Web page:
The Scientific Mind
Each area of psychology is dedicated to solving one or more of the mind/brain question, as answered by the humanistic psychologists, or the Jungian psychologists, or the behaviorists. The mind/brain question refers to human learning, memory, application, environmental requirements, motivation, and the like. In addition, a lot of psychological education courses are devoted to the acquisition of scientific knowledge.
An example of the contribution of psychology to the scientific search for knowledge of personality is the case of Alfred Binet (1857 to 1911), a French psychologist, who was probably the first to offer his ideas on intelligence testing. In the course of investigating mental disorders, Binet gathered a forum of gifted intellectuals and scientists who were interested in his ideas. The structure of this forum and the intellectual caliber of the members were remarkable.
On the whole, psychological science has contributed significantly to the understanding of human behavior and the acquisition of knowledge about the human personality. It has taught us that every human think-ammo process is connected to the brain and personality. Along the years, psychological science evolved in innumerable ways and gained a lot of momentum. It has propounded theories regarding the evolution of the human personality that are orders of thought, as well as the relationship amongst the thinking process, the psychological, and the intelligent bases of human behavior. Psychological education courses seek to demonstrate these theories and processes – what scientists call the “hard-wiring” and the “soft-wiring” process.
The psychology curriculum that most schools follow states that in the first year of college, psychology students will have to develop their mental faculties and interpersonal skills, but will find that most of their coursework in the psychology classes in most colleges focus on either the hard-wiring process or the soft-wiring process. A few leading universities in the United States make several efforts to cater the coursework and the major assignments to the needs of psychology students as following:
psychology major: the study of human behavior in the context of psychology.
Psychology minor: the study of human behavior in the context of other fields, such as sociology, anthropology, physiology, and neuroanatomy, and the development and application of theories and techniques that are associated with these fields.
These forms of education best suits the needs of most students. However, several universities have devised programs during the past decades that put more emphasis on the development and training of psychology students. The Psychological courses make a significant contribution to the understanding of human behavior and have a broad scope of application. The coursework areas include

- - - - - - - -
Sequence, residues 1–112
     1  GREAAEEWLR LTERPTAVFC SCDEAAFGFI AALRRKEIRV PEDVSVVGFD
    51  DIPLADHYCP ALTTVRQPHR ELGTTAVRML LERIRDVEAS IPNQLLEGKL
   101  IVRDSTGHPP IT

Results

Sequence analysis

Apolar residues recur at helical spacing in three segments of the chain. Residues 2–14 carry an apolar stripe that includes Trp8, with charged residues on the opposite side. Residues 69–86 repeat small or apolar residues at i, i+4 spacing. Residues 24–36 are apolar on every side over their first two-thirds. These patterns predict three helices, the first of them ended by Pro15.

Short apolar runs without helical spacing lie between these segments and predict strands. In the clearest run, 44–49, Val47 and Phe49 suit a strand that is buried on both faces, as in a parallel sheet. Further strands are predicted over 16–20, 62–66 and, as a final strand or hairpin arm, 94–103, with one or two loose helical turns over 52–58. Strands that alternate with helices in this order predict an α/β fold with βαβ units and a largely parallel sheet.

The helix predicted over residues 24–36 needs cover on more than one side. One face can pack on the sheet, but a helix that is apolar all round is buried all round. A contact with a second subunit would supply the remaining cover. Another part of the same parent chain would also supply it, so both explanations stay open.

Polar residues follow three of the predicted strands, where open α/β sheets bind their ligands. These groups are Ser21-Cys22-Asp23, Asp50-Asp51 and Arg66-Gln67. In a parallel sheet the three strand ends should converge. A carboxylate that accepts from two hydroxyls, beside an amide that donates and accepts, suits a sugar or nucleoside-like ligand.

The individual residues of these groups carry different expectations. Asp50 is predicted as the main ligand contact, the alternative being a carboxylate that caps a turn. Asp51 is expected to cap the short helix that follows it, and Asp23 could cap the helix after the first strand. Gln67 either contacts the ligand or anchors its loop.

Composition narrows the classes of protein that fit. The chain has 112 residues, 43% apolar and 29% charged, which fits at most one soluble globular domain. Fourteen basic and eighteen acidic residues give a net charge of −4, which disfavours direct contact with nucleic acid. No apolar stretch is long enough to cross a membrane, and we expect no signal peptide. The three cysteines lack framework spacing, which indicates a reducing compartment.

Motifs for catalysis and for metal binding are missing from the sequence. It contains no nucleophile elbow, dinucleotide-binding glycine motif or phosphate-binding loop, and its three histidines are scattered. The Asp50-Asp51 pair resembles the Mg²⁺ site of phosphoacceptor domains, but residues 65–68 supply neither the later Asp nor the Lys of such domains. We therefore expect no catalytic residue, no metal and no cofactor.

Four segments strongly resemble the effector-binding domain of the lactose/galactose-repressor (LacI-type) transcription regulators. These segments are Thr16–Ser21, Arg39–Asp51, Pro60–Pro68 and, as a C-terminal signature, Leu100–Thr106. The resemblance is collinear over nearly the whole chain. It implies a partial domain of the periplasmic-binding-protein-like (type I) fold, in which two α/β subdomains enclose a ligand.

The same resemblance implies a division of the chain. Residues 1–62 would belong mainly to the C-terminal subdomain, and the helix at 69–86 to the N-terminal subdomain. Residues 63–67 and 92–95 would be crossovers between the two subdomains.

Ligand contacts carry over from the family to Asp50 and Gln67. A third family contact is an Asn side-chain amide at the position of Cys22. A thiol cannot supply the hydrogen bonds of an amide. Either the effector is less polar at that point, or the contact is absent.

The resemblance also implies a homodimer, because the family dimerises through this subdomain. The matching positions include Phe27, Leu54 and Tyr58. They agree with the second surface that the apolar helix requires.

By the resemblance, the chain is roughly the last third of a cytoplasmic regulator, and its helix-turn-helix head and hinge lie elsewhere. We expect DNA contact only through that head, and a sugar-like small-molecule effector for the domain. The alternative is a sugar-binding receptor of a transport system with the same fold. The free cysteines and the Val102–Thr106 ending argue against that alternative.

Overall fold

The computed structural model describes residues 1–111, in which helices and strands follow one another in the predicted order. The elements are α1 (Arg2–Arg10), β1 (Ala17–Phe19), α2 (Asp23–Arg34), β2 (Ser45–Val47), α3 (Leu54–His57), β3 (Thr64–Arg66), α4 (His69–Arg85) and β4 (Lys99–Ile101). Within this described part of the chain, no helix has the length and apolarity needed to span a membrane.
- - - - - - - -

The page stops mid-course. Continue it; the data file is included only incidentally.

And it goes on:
• Personality development,• Learning Human behaviors• Psychosocial characteristics• Learning attitudes and skills• Adult psychological characteristics• Interpersonal relationships• Terror Management Theory• Sport psychology• visiting student perspectives
Simply put, effective training helps you use your superior academic skills to become a successful Psychology Student.
Which is more motivating?
This is a very hard question to answer because like any other career choosing a career offers many benefits and drawbacks.
Clearly the benefits of career involve
• exposure to the field of psychological research• the opportunity to learn and gain expertise in a particular psychological area• the possibility to get employed by the service providers who rely on psychological training• guidance and counseling on various psychological topics
Unfortunately the downsides include
• the potential loss of job employment• lack of Psychological guidance and counseling• substandard mental health care
So what are the statistical differences between the two careers?
Here are some helpful suggestions and pointers which may help you understand the difference between the two careers.
Career Prospects and Career Outlook
The Bureau of Labor Statistics reports that 12,500 jobs in psychology are expected in the year 2012, however, this figure is obtained from the college and university graduates only. Thus, not only those who have graduated, but, people who have acquired psychology degrees as well, have a bright career ahead of them.
The U.S Department of Labor reports that qualified psychology graduates earned approximately $61,000 annual income, and that an individual having a psychology degree can expect to enjoy a salary of $45,000 annually.
The average career length of psychology graduates is only three years, and most of these individuals become self-employed sooner or later. After graduating, most graduates continue their academic career in a related field. A huge number of career opportunities are also available, and most individuals make a choice of several fields in order to obtain the education and career they want.
Following the path of any discipline requires earning a master’s degree in that discipline. Qualified graduates can pursue research and practice in their field; many also work as researchers and teachers. A PhD students investigate topics of secondary educational importance by drawing on their field of study.
Masters in human behavior and psychology have a wider choice of career paths.